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Top executives say current infrastructure investment won’t support business growth, says KPMG study

United Arab Emirates: Thursday, January 29 - 2009 @ 12:56

Only 14% of business leaders globally believe the infrastructure currently available to support their organizations is completely adequate.

Analysts estimate that two trillion dollars will be spent on infrastructure globally on an annual basis until 2015. However, executives in every region expressed concern that infrastructure investment would not be adequate. While business leaders in Eastern Europe and Asia Pacific were most focused on the issue, with 89 and 84% of business executives, respectively, expressing concern, the study reported a high level of concern as well in mature markets with 74% and 64% of executives respectively in the United States and Western Europe expressing the same opinion.

The KPMG survey, conducted by the Economist Intelligence Unit, also revealed that:

- Senior executives believe infrastructure will be rising in importance over the next five years;
- The availability and quality of infrastructure will directly affect where these executives locate and expand business operations;
- The business leaders believe governments should partner with the private sector to finance and administer major infrastructure projects;
- Roads and power generation are the most urgent infrastructure needs, say the majority of business leaders surveyed globally.

The Importance of Infrastructure is growing

The vast majority of respondents – 80% – say that infrastructure will be even more important to their businesses in five years. While Asia Pacific sees the biggest increase in the impact of infrastructure, with 87% saying it will be more important in five years, it’s especially interesting to note that the U.S. is closely grouped with Middle East/Africa, Latin America and Eastern Europe – with more than 80% of respondents seeing infrastructure being more important in five years. In Western Europe, that number is 63%.

Infrastructure Drives Where Businesses Locate

An overwhelming majority (90%) of the executives surveyed said that the availability and quality of infrastructure affects where they locate their business operations.

“As governments grapple with the current economic crisis, they must recognize that infrastructure investments are still desperately needed to support critical business activities,”

said Munther Dajani, partner and head of KPMG in the UAE’s Infrastructure Line of Business.

He adds, “Not only does improved infrastructure attract businesses and employment as, of which the UAE is a very good example, but it’s recognized that infrastructure work can be an economic stimulus if managed correctly.”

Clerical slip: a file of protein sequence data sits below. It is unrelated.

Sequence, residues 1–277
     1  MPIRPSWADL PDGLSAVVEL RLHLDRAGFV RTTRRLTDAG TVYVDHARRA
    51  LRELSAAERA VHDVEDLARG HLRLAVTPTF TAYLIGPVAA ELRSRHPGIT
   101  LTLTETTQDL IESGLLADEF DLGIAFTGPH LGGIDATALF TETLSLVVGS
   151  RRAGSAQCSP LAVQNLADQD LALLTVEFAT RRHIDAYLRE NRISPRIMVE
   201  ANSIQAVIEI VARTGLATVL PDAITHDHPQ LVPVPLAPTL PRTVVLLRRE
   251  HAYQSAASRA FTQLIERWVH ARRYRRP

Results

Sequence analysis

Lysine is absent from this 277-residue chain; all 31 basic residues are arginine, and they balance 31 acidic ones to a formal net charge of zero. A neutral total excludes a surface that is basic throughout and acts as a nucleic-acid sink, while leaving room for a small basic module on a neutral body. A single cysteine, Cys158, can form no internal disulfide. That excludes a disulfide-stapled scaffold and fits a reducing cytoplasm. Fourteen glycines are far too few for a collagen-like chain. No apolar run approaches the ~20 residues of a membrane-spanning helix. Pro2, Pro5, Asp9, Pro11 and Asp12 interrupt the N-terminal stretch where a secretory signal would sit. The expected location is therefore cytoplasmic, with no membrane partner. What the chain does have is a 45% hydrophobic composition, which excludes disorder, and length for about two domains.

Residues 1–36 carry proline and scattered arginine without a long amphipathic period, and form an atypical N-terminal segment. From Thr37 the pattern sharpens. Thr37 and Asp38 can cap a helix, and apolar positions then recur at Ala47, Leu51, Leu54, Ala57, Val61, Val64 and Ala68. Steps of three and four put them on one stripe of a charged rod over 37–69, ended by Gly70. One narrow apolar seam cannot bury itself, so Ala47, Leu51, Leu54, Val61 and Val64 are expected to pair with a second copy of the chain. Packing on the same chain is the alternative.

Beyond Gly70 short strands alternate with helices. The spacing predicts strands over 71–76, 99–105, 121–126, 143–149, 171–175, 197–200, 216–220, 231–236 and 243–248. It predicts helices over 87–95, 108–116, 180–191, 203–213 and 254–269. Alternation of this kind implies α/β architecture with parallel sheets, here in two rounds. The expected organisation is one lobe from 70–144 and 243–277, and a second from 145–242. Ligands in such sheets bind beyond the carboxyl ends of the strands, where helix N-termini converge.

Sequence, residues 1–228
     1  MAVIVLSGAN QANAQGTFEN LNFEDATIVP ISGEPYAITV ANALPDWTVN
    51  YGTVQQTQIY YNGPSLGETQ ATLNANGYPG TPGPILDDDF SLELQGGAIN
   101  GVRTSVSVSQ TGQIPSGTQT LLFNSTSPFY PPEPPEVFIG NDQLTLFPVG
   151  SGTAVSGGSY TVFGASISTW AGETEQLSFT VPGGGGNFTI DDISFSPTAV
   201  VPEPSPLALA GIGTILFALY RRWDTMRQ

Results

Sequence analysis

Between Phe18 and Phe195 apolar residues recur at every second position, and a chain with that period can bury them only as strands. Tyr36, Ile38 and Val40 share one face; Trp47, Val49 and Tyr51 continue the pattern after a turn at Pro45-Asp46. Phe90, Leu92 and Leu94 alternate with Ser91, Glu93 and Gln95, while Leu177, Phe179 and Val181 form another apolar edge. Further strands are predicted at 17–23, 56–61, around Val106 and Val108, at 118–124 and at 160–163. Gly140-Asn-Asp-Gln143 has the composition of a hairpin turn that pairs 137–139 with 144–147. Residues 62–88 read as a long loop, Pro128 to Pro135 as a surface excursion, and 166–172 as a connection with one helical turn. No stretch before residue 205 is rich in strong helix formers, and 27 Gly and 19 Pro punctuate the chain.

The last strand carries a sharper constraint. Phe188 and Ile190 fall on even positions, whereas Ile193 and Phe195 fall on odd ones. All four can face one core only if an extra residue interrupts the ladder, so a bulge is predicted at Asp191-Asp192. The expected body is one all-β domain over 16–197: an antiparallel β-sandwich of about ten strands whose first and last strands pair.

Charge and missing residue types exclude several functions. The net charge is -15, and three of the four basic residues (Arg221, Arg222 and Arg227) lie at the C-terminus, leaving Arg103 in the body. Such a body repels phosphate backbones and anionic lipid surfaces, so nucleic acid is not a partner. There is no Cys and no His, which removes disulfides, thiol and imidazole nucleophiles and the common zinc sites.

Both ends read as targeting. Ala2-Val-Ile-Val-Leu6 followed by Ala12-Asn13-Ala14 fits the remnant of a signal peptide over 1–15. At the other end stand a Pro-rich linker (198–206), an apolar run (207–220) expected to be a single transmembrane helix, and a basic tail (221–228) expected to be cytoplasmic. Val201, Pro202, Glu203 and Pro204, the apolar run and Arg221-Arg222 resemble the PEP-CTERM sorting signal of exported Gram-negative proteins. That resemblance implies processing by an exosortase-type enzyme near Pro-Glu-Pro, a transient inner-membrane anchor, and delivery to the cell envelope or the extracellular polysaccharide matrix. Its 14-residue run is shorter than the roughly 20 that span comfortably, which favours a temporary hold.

Partnering with the Private Sector

With depleted coffers at the federal and local government levels in many countries, 80% of executives surveyed say governments need to work to a greater extent with the private sector to finance infrastructure improvements.

“Infrastructure is at a critical crossroads, and governments have an incredible opportunity to make decisions that will impact many future generations,” Munther noted. Almost three-quarters of the executives surveyed in the U.S. and Western Europe expressed concern that poor economic conditions along with the challenges facing governments will prevent the needed investment in infrastructure. They are looking for government to partner with the private sector to develop effective financing solutions.

Roads and Power Supply Top Concerns in Every Region

Two-thirds (66%) of executives in the KPMG survey reported that both transportation and energy/power supply infrastructure are resulting in increased operating costs for their business.
According to the survey, roads and power generation are the most urgent infrastructure needs globally and in every region.

For example, in the United States, almost two-thirds (61%) identify roads as an urgent need and almost 40% in Western Europe, while approximately one-third of respondents in both regions identify power generation and schools as critical infrastructure needs.

Inferring from the survey, Munther adds, “Many businesses in developed countries may not be feeling the impact of aging infrastructure in their pocketbook yet, but with the average infrastructure project taking several years from project start to completion, governments should act now to develop strategic approaches to the issue before it becomes a crisis situation.”

“While it is important for developing – but faster growing – countries to make a commitment to infrastructure investment, it is equally important for more mature markets to replace their aging infrastructure or risk losing their competitiveness.”

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Thursday, January 29- 2009 @ 12:56 UAE local time (GMT+4) Replication or redistribution in whole or in part is expressly prohibited without the prior written consent of Mediaquest FZ LLC.

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